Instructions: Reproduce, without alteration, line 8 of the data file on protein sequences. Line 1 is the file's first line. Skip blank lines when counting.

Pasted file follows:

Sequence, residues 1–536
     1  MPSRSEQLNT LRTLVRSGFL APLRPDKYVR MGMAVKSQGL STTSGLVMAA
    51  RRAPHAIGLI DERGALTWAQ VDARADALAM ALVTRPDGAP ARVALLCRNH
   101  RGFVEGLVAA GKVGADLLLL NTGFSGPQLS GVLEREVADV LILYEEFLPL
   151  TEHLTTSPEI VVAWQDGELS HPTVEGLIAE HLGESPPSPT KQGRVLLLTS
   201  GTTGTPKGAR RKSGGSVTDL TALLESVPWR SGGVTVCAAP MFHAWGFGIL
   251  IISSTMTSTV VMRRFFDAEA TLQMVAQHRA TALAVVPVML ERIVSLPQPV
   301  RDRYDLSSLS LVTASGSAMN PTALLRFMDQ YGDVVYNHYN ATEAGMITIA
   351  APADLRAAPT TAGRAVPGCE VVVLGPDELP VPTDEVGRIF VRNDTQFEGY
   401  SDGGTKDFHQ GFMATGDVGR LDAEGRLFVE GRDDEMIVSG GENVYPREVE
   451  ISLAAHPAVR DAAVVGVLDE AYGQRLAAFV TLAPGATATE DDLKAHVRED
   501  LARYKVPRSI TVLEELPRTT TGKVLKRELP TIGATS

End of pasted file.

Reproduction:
   301  RDRYDLSSLS LVTASGSAMN PTALLRFMDQ YGDVVYNHYN ATEAGMITIA